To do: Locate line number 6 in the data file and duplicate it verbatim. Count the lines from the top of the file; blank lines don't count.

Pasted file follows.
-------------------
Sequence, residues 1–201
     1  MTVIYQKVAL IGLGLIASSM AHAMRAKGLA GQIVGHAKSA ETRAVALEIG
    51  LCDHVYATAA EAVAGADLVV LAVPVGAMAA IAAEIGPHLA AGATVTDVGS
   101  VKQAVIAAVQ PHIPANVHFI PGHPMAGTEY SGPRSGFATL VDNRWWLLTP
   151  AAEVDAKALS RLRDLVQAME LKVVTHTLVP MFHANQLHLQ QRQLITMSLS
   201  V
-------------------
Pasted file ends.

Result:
   201  V